To test whether pushing behaviour (push.yn, pushing duration) and drinking duration were influenced by the number of troughs, dominance rank or the size of the group, we used a generalized linear mixed model (GLMM) . We included the following predictors as fixed effects: rank, group size (dyad versus triad), number of troughs (one versus three; and all interactions between them up to the three-way interaction), session number and trial number, and as random effects: trial, group_id, subject and triad_id. We did two additional analyses to test whether the amount released or the latency to first push were influenced by the number of troughs or the size of the group, into which we included the following predictors as fixed effects: group size (dyad versus triad), number of troughs (one versus three; and all interactions between them), session and trial and as random effects group_id and triad_id (see the electronic supplementary material, S4). Data: doi:10.5061/dryad.b5c1f.
Owing to the small sample size of four triad groups, all results must be interpreted with caution and we complement these statistical results with more qualitative descriptions of behaviour within groups and overall patterns (see the electronic supplementary material, S8).
In testing whether an individual pushed, we found a three-way interaction effect between rank, group size and number of troughs (GLMM, p = 0.0116, electronic supplementary material, S5). In general, there appears to be a positive relationship between rank and tendency to push, with higher-ranking individuals pushing more. This relationship breaks down in the triad-3troughs condition. Pushing time is more uniformly distributed in the triad condition. Number of troughs appears to have an effect only in the triad condition (figure 2).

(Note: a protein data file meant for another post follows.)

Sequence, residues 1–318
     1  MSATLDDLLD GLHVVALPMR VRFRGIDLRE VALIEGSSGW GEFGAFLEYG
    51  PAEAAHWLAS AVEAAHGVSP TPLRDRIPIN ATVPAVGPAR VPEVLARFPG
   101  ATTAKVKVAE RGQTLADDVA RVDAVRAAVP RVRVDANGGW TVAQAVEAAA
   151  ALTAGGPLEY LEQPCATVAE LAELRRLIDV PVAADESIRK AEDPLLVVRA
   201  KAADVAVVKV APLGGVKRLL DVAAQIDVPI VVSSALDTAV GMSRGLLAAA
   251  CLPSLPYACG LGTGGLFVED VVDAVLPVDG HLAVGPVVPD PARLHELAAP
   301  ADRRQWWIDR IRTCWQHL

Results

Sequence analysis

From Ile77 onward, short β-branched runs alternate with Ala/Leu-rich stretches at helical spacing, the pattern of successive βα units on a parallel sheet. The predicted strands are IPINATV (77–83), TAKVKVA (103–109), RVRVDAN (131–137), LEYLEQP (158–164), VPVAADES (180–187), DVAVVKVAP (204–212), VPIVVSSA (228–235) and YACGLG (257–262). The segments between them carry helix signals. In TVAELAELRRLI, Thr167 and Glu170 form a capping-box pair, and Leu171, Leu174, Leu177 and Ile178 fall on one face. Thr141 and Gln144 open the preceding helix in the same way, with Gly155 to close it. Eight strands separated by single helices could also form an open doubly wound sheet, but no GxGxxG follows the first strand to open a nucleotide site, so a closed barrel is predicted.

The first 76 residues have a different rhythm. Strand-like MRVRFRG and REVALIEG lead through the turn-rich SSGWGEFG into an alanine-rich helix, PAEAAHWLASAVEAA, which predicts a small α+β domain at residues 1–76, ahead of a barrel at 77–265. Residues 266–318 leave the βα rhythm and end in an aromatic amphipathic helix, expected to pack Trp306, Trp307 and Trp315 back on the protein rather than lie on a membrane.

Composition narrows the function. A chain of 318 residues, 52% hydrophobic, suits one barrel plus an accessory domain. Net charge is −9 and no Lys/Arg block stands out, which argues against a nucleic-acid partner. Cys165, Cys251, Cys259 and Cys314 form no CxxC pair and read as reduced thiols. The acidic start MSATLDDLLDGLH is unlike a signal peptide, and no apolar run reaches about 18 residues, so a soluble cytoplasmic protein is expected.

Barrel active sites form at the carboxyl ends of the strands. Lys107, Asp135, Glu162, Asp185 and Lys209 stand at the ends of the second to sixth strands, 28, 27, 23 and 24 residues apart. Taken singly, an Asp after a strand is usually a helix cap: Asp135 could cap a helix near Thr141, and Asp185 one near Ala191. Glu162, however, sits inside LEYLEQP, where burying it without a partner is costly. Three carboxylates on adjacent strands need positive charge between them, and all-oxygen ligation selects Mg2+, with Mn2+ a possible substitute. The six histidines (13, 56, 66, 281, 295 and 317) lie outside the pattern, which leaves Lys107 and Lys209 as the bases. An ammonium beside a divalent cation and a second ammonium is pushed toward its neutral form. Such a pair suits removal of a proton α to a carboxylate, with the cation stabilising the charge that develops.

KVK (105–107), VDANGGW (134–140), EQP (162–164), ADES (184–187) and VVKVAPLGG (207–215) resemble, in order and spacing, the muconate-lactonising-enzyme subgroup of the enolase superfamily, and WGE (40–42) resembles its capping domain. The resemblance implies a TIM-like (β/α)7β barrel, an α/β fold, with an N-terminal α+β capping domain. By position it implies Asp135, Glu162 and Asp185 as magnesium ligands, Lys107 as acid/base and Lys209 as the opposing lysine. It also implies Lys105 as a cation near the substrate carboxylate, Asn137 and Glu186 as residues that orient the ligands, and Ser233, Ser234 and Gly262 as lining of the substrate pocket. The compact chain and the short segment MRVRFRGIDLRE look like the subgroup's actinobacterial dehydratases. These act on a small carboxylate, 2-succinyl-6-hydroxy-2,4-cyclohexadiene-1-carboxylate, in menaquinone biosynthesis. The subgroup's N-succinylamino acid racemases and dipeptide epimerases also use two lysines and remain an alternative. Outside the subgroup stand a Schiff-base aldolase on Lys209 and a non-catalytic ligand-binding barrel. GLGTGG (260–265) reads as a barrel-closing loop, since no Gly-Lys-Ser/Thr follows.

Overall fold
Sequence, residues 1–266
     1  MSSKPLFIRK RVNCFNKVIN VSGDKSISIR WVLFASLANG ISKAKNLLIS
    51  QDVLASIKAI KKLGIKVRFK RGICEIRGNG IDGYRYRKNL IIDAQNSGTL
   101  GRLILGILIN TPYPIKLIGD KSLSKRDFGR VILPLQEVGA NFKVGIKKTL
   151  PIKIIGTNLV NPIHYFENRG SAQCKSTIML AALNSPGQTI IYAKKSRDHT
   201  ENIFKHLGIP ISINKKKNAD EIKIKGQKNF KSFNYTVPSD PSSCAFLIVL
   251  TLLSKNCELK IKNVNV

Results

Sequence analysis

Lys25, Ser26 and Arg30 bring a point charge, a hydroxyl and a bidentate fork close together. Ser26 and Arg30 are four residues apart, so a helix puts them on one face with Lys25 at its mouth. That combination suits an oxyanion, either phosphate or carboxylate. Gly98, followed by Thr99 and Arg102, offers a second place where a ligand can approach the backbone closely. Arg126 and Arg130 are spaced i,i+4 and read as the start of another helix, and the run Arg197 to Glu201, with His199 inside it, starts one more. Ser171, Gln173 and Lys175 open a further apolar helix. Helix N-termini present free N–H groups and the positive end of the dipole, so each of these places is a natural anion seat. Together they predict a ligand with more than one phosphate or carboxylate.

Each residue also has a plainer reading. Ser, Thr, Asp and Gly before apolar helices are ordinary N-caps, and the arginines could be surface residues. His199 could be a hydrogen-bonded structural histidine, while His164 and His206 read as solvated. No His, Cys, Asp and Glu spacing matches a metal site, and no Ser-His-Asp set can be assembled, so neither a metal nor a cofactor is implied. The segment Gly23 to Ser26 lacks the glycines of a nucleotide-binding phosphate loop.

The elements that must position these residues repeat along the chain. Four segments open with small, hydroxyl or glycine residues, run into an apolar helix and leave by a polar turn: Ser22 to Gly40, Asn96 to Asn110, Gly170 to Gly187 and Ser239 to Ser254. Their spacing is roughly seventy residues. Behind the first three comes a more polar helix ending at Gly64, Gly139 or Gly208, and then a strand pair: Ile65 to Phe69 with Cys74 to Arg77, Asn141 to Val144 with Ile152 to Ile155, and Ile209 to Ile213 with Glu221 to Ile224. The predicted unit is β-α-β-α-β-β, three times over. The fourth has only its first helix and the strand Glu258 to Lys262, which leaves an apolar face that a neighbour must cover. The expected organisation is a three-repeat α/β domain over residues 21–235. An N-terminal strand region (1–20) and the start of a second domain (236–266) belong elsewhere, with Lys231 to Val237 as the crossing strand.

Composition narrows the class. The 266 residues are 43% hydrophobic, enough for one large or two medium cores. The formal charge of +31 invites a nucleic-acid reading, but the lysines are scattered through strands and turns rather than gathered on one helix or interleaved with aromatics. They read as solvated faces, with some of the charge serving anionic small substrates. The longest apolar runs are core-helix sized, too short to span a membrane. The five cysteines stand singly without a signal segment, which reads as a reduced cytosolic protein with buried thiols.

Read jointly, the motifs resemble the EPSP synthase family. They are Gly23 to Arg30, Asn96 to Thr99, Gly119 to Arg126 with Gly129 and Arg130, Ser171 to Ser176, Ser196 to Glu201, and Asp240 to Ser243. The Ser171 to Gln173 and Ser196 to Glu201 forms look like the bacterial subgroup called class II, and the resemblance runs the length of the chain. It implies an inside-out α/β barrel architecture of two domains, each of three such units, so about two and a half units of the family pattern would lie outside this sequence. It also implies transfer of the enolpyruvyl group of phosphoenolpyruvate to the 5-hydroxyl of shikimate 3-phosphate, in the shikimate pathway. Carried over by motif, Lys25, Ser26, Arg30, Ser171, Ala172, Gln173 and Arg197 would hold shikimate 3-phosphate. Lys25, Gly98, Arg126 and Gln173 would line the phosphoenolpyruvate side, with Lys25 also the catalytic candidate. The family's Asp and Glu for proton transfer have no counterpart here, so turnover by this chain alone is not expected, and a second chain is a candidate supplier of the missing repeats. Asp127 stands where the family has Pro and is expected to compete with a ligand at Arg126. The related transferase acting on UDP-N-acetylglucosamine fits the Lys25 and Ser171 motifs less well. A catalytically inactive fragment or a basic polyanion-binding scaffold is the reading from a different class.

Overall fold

With respect to pushing duration, we found a two-way interaction effect between rank and number of troughs as well as between number of troughs and group size (GLMM, estimated pMCMC = 0.0010 and 0.0094, respectively; electronic supplementary material, S6). Among dyads, there is little difference in pushing duration regardless of number of troughs, while in triads the middle-ranking individual pushes more in the 3troughs than in the 1trough condition.